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Revision Surgery for Failed Carpal Tunnel Release
SuRAk Eo, MD; HeeChang Ahn, MD, PhD; Neil Ford Jones, MD
Hand Surgery, University of California Irvine, Orange, CA

Background: Carpal tunnel syndrome is the most common compression neuropathy and carpal tunnel release is one of the most frequently performed hand operations. However persistent, recurrent or new symptoms following carpal tunnel release remain a vexing clinical problem.

Methods: A retrospective review of 50 consecutive patients who had undergone revision carpal tunnel surgery by the senior author between 2001 and 2007 was performed. Surgical findings and outcomes were analyzed.

Results: Of the 55 hands in the 50 patients, 34 hands continued to have persistent symptoms, 18 hands had recurrent symptoms and 3 hands had completely new symptoms. The initial carpal tunnel release had been performed by an open technique in 34 hands and by an endoscopic technique in 21 hands. All secondary carpal tunnel surgeries were performed by open carpal tunnel release. Re-exploration revealed incomplete release in 34 patients, either intact antebrachial fascia just proximal to the wrist or undivided flexor retinaculum distally. Circumferential fibrosis around and within the median nerve was found in all patients, synovial proliferation within the carpal tunnel was seen in 4 patients and a separate synovial cavity between the median nerve and the flexor tendons was found in 6 patients (18%). All 50 patients were treated by extensive decompression as well as external neurolysis in 41, epineurectomy in 15, synovial or fat flap coverage in 8, and radial forearm fascial flap coverage in 3 patients. Symptoms resolved completely or improved in 40 patients (80%), but were unchanged in 10 patients (20%) and five patients required a third operative procedure. Improvement after revision surgery for patients who had originally undergone endoscopic carpal tunnel release was slightly better (86%) compared with patients who had originally undergone open carpal tunnel release (76%).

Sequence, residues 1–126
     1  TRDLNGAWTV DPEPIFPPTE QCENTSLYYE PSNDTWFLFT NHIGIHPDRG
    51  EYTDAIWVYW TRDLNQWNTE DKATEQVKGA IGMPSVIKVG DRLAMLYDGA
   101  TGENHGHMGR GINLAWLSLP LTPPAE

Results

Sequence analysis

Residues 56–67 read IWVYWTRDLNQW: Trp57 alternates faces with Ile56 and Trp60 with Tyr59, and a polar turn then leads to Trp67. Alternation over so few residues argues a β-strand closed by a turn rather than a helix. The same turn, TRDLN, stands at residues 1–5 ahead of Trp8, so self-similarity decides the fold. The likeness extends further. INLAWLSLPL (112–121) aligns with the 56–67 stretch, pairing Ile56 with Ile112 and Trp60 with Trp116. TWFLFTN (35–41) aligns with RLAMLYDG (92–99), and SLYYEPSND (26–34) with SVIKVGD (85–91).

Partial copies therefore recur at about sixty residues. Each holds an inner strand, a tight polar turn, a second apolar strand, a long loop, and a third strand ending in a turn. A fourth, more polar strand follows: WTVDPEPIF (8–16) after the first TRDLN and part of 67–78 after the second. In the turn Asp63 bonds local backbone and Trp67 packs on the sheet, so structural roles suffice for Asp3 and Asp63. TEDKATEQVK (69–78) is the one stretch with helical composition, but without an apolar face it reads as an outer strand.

Conclusion: Despite carpal tunnel surgery being a simple procedure, there is still a small number of patients who continue to have persistent symptoms because of incomplete release of the transverse carpal ligament; or who develop recurrent symptoms usually due to associated systemic conditions; or who develop completely new symptoms which usually implies iatrogenic injury to the median nerve.


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